“Is anybody there? Does anybody care?”
Those are words sung by the character, John Adams, in the musical, “1776,” but they could just as well be said these days by Sidney officials who are charged with updating the city’s 20-year comprehensive plan.
Does anyone care about the future of Sidney?
It would appear that not very many residents do. The city began the planning process in November. The plan, which is revised every five years, outlines priorities and projects for the next 20 years.
Council contracted with a Bowling Green consulting firm, Reveille, to manage the revising of the plan, which will be reviewed by the city’s Planning Commission before it’s given to the city council for consideration and approval.
When it comes to this project, council has done everything right. But the citizens of Sidney have done everything wrong.
What have citizens done? NOTHING. Fewer than 600 residents have responded to a survey developed by Reveille expressly to give Sidneyites a chance to say what they think is important for council to address. Worse than that, when Reveille convened two public forums to seek input, 17 people attended the first and 14, the second. That’s about .0009 percent — 9 thousandths of 1 percent — of the adult population of the city. And most of the individuals who attended are members of Sidney Alive!, a recently chartered organization whose mission is to revitalize the downtown area.
The percentage of Sidney adults who have responded to the survey is just under 4 percent. When Reveille polled high school students, it got 125 responses, about 11 percent. When all the numbers are combined, assuming that online survey respondents, high school respondents and forum attendees were all different people, the percentage of feedback is about 4.5 percent.
The decisions that will be made by the city council for the next 20 years, based on the plan that is being formulated now, will affect 100 percent of Sidney adults and 100 percent of Sidney children, too, who will grow to adulthood during those 20 years. To think that decisions will be made based on what .0009 percent — or even 4.5 percent — have to say is, well, unthinkable.
We’re very concerned at the small number of adults voicing their opinions. We’re also concerned that almost all the people who have attended forums are local business owners or nonprofit directors whose ideas, if included in the plan, would benefit their own enterprises, possibly at the expense of others in the city.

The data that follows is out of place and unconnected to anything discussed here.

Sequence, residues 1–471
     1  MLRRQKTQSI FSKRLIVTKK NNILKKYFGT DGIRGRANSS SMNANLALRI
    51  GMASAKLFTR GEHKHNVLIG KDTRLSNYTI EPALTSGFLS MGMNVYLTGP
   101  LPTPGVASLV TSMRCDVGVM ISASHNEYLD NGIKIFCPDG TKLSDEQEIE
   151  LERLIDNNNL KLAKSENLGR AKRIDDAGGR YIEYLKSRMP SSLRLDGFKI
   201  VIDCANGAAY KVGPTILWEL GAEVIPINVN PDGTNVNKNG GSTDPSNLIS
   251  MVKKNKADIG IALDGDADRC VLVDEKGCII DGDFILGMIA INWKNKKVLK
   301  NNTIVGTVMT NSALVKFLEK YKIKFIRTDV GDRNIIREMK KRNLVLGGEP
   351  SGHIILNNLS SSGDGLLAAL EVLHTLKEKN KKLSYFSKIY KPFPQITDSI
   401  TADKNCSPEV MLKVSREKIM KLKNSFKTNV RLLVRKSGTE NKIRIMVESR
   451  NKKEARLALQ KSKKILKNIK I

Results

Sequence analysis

We’re worried that some of the most influential responders seem to want to change Sidney to make it look like someplace else — Troy and Tipp City were mentioned often — when there may be hundreds of silent local residents who appreciate what makes Sidney unique as it is.
We wonder if the city is wasting its money on Reveille, a firm that is really good at what it does but in this case may be hampered by the lack of participation by locals. If the only input the firm gathers is from members of Sidney Alive!, could the council have saved the $40,000 Reveille fee and just asked Sidney Alive! for its ideas?
We fear that some of the suggestions made during the forums might be the wrong way to go for Sidney. We hope that council will carefully weigh every recommendation that comes its way. For instance, one idea is build an amphitheater on Julia Lamb field because the river area is supposedly “underutilized.” Should the city or its residents field the considerable expense utilizing the river area when there’s a heroin epidemic to be fought? When school buildings are falling apart? When street potholes threaten to swallow even semis? When basic city services cost more and more to provide?
Sidneyites have a way of refusing to vote for additional taxes to take care of such things and general decay is the result. It’s time for citizens to speak up about what’s really important to them.
The survey, at www.sidneyoh.com, will be open until October and we urge the 14,500 Sidney adults who haven’t yet done so to complete it.
In the meantime, we have a question for city council: Because you’re paying Reveille to compile input and make recommendations for the plan, does that make you feel obligated to follow the recommendations, even if they come from but a tiny portion of the population? We hope not.
We urge you to go out and get some input on your own. If residents don’t come to you (via survey and forum), we hope you’re willing to go to them, door to door, if necessary. Ask questions of constituents when you’re at social and entertainment events and make notes about what you hear. Place some random phone calls to voters. Make a concerted effort to hear from those who are too often silent. Please, please do what it takes to get a true picture of what Sidney needs before you finalize the comprehensive plan.
We’d hate to think that a mere handful of loud voices will be permitted to set the two-decade agenda for the rest of us.